Somehow in my many viewings of The Wrong Jedi I have never noticed Padme’s costume. It is a good costume.
(To be fair, the episode’s just a little overwhelming on the emotion front, so a bit (a lot) of oversight is understandable.)
It’s formal, it’s mature, it has a lot of ceremony, but the overall silhouette is a streamlining of an AotC costume: Padme’s packing dress. The skirt and sleeves aren’t as full, the collar is a tight stand, the colouring is sombre reflecting the situation, and embellishment is stripped right back to texture and the belt and added formal tippet (perhaps an indicator of her role in Ahsoka’s trial).
It’s a move away from the slightly period look in the AotC grey (the button sleeve detailing – a rarity in SW and seen maybe three or four times – is very pointed), towards something that bit more Star Wars. This evolution shows that she has clearly grown and advanced since AotC, and her wardrobe with her, but she is still young and still feminine even whilst she is a force to be reckoned with. This look sits comfortably with where she is, and the fashions shown to be favoured by her peers and colleagues, most notably Mon Mothma and Bail Organa. It’s a throw forward to the senate under the Empire, Rebellion leaders, reflecting the simplicity that we saw from Leia in ANH whilst displaying the prequel era opulence in understated way.
The lack of overt-grandeur may also indicate a person scaling back to show sympathy for the people suffering in the war, or perhaps necessary cutbacks in trade expenses, budgeting, self-imposed rationing. This, again, would throw forward to the utilitarian-by-necessity of the Original trilogy, and reflects shifts in fashion during WW2 rationing. Parallels could also be found in the shifts from the fashions of the Edwardian Golden Summer – the bright, grand years of the Western upper and middle classes before the break-out of WWI – to the shift to the sombre simplicity through the War. Padme’s AotC gown is more of a fantasy-by-way-of-pseudo-victoriana, but that echoing and shortening of silhouettes, maintenance of fashions in those upper classes by different means. In solidarity and in pragmatism. Silks replaced by wools. For Padme, velvet with a subdued jacquard.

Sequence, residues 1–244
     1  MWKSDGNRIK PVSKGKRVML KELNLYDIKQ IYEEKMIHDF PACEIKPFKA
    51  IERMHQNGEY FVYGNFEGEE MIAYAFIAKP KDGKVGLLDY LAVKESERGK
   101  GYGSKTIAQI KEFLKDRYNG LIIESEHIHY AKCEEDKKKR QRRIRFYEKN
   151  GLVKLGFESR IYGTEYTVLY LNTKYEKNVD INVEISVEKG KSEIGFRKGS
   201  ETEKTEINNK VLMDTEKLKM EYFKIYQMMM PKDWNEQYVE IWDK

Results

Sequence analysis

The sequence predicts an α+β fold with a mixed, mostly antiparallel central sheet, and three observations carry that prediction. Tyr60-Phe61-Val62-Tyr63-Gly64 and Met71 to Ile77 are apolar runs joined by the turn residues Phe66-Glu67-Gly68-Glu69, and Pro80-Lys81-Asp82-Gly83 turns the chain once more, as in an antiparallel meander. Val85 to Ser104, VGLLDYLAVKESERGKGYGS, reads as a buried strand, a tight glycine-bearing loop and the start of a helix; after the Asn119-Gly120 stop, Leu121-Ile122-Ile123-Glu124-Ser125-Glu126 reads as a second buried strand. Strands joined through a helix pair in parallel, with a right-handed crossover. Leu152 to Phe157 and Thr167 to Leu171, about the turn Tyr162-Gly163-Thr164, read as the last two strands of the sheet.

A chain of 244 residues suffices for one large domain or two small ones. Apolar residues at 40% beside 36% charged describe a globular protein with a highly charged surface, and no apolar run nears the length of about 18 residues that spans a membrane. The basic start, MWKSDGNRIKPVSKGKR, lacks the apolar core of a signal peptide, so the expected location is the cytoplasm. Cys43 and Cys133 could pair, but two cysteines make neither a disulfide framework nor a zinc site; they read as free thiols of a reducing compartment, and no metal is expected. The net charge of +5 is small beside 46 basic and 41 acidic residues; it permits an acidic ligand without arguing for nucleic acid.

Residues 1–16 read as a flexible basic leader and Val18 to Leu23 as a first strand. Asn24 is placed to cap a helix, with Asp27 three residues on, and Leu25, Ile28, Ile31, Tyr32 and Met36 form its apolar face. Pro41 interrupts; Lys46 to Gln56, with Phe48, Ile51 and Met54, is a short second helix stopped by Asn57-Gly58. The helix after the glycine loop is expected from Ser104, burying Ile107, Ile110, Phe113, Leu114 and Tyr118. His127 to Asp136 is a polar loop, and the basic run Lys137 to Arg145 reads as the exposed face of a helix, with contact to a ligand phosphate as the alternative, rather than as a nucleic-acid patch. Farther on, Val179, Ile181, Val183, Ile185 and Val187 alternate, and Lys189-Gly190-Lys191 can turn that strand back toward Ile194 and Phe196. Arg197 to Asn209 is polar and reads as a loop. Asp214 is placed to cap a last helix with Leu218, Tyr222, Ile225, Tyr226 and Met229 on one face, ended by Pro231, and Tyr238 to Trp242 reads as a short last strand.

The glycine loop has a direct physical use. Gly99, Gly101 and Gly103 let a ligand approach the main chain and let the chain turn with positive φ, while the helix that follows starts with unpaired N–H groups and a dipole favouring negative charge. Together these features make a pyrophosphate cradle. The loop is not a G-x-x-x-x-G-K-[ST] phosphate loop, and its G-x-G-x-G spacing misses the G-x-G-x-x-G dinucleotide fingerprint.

Costumes like these, costumes that made sense for the character and the escalating situation, were what were sorely needed in RotS. Pregnant or not, the next development of this look would have been better than just throwing bolts of fabric at Padme, which it sometimes feels like they did. Considering how underserved Padme was in that film, lending her support and structure in her costumes would have at least been a step towards giving her any sort of standing, and would have particularly worked well